Juneteenth |
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Juneteeth 2021

What is Juneteeth?

Juneteenth (short for “June Nineteenth”) is a holiday commemorating June 19th, 1865, the day on which slavery was effectively ended in the United States. Although the Emancipation Proclamation, which freed all enslaved people in the Confederacy, had taken effect two-and-a-half years beforehand, slaves in Texas still had not been freed. On June 19th, 1865, federal troops arrived in Galveston, Texas to issue and enforce General Order Number 3, which stated that all slaves were free, and that freedmen would now work for wages instead of performing unpaid labor. Over 100 years later in 1980, Texas became the first state to make Juneteenth an official holiday, and since then, all but three states have recognized Juneteenth as a state holiday or observance.

Penn Celebrates

June 17, 2021

  • Welcome and Reflection (4:00 p.m.-4:15 p.m.)
  • Panel Discussion—The Contemporary Significance of Juneteenth (4:15 p.m. -5:00 p.m.)
  • Student Performances—5:00 p.m.-5:30 p.m.

June 18, 2021

  •  Keynote Address, 12:00 p.m. to 1:00 p.m.
  • Ibram Kendi in conversation with Provost Wendell Pritchett

Juneteenth Resources

Louis Gates, Jr., H. (n.d.). What is Juneteenth? PBS.
National Museum of African American History & Culture. (n.d.). The historical legacy of Juneteenth.
Nix, E. (2015). What is Juneteenth? History.
The Key. (2020). Resources for understanding and celebrating Juneteenth.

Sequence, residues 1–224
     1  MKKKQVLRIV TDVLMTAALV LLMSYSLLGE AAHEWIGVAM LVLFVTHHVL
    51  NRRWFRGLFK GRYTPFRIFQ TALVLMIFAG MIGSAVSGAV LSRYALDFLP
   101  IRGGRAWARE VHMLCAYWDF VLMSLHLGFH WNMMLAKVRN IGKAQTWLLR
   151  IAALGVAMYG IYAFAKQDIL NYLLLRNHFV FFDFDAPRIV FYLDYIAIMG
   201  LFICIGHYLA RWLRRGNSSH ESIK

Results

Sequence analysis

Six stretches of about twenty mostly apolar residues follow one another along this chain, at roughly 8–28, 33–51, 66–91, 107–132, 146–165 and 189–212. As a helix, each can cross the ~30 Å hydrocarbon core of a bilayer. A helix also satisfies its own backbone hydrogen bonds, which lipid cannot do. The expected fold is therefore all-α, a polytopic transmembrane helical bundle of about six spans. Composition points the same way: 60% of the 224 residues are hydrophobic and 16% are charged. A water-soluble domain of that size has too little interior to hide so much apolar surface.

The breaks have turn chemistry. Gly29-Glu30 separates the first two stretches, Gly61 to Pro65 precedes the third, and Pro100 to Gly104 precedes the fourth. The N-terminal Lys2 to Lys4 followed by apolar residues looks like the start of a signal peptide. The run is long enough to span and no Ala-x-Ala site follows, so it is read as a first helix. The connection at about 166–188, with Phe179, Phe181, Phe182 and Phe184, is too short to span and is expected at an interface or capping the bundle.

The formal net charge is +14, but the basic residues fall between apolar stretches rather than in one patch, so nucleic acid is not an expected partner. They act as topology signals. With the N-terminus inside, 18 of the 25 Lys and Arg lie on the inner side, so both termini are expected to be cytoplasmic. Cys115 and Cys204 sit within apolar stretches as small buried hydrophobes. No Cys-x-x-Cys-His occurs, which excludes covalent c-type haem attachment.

The Philadelphia Inquirer. (2020). What is Juneteenth? A day to reflect on freedom [Video]. YouTube.
The Root. (2018). This is why Juneteenth is important for America [Video]. YouTube.
Penn Med

University of Pennsylvania Resources

Annenberg Public Policy Center of the University of Pennsylvania. (2020). In honor of Juneteenth, videos and other civic education resources.
de Groot, K., García, K., & Shepard, L. (2020). Juneteenth: A day for reflection, conversation, and learning. Penn Today.
Gutmann, W., Pritchett, W., Carnaroli, C., & Mitchell, J. (2020). Juneteenth: An important day for Reflection. University of Pennsylvania Almanac.
Greer Polite, F. (2020). Celebrating Juneteenth – Continuing our movement. Penn Medicine.
Penn Libraries News. (2020). Diversity in the (virtual) stacks: Juneteenth. Penn Libraries, Universisty of Pennsylvania.
The Wharton School. (n.d.). Taking time to reflect: How to celebrate Juneteenth. Wharton Stories.

Research & Archives

Bratter, J., Byrd, A., DesRoches, R., Hayes, M., Hebl., M., King, D., Matthews, P. J., McDaniel, C., Sidbury, J., & Torres, M. (2020). Reflections on Juneteenth and America’s racial legacy lectures. Rice Digital Scholarship Archive.
Higgins, M. (2018).  Juneteenth: fact sheet. Congressional Research Service Reports & Analysis.
Hume, J., & Arceneaux, N. (2019). Public memory, cultural legacy, and press coverage of the Juneteenth Revival. Journalism History.
Library of Congress. (n.d.). Voices remembering slavery: freed people tell their stories.
ny public library

How can I honor and celebrate Juneteenth?

Black Lives Matter: Ways you can help.
Hillman, M. (2020). 10 Things we want white people to do to celebrate Juneteenth. Wayside Youth & Family Support Network.
How to celebrate Juneteenth.
nextgen america. (n.d.). Tell Congress: We need national recognition of Juneteenth.
Philadelphia Juneteenth Parade & Festival.
Posey, K. (2020). 6 local and national black organizations seeking donations. The Red & Black.